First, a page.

Minnesota Medical Malpractice

Legal Outline

Wrongful Death Damages

Damages in a Minnesota wrongful death lawsuit are defined as the pecuniary loss suffered by the next of kin. Minn. Stat. § 573.02. “Pecuniary” means money and the relevant jury instruction asks the jury to determine an amount of money that will fairly and adequately compensate the next of kin for the losses that they suffered as a result of the death and taking into account several factors including monetary contribution, relative health, legal obligations to provide support, funeral expenses, and other money-oriented factors. CIVJIG 91.75.

This is a rather perverse measure of damages in many cases, and the pecuniary loss associated with a death can vary wildly from person to person. For breadwinners and parents who are killed, there is significant basis under the law to award money to the next of kin – after all, the earning potential is lost and taking care of children and raising them is a tremendous expense. The jury is specifically instructed not to consider money that would punish the defendant, compensate the surviving family for grief or emotional distress, or compensate for the decedent’s pain and suffering before death. CIVJIG 91.75.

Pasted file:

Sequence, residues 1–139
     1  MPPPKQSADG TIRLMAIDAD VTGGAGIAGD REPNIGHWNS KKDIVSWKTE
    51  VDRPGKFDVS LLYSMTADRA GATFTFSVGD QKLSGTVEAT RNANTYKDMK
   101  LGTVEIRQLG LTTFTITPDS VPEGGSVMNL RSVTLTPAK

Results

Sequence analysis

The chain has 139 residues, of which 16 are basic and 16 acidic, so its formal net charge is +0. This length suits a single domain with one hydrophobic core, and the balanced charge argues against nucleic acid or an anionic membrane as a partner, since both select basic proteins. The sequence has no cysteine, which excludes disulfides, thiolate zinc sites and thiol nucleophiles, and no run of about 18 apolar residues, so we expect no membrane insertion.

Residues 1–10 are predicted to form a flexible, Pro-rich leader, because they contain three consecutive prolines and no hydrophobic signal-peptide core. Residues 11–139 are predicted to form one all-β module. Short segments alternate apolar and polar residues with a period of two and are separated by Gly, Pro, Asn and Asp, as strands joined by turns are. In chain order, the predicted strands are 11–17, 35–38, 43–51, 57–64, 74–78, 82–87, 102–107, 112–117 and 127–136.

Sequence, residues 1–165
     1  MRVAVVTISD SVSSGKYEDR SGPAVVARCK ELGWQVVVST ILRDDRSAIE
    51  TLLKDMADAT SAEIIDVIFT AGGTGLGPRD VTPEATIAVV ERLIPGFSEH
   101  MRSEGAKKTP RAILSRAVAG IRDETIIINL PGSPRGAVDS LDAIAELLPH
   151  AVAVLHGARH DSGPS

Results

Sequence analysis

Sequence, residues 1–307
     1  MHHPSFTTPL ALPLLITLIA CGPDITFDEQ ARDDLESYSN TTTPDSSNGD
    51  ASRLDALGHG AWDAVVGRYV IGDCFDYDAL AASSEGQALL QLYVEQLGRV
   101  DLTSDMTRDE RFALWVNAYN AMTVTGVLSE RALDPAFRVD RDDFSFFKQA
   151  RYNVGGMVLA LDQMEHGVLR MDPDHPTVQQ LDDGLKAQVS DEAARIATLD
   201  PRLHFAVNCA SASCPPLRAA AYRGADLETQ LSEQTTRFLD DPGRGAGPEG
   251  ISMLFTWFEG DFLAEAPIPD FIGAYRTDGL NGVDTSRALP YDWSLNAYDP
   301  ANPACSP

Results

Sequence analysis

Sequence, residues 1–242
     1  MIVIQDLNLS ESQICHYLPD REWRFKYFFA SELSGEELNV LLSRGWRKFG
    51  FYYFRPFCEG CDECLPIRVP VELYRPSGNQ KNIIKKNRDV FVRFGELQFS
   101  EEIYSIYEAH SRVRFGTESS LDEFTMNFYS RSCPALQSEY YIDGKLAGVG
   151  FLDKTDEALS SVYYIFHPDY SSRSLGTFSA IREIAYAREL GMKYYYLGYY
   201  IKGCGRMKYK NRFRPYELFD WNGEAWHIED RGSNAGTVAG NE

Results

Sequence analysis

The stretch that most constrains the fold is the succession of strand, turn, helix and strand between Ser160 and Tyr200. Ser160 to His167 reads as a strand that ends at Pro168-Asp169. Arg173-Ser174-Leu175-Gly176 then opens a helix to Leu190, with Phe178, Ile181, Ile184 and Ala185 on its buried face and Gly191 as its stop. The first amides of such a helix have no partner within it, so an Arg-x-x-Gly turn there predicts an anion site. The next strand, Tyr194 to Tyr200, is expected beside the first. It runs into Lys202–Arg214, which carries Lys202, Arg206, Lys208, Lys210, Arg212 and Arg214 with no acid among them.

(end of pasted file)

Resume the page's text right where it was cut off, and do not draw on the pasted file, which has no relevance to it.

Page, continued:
But a person’s value to those around them is not measured in the amount of money they bring home or the value of the meals they cook and domestic services they provide. Superficially, it would seem that Minnesota law does not allow recovery for retired persons or small children who are dearly loved but are not expected to add to a family’s bottom line. But the Minnesota jury instruction gives some leeway for the jury to consider the pecuniary loss associated with a loved one, as it speaks to the loss of “counsel, guidance,” “aid,” “advice, comfort, assistance, companionship, and protection” that the decedent would have provided if they had lived. CIVJIG 91.75. So in medical malpractice cases resulting in the death of fetuses, young children, and the elderly, there is still room to prove the tremendous loss that was suffered and recover under Minnesota law. After all, what is the value of an elderly family member’s advice and counsel? What is the value of a child’s companionship? When properly presented to a jury, these numbers are substantial and give room to hold wrongdoers responsible for causing significant harms to the elderly and children.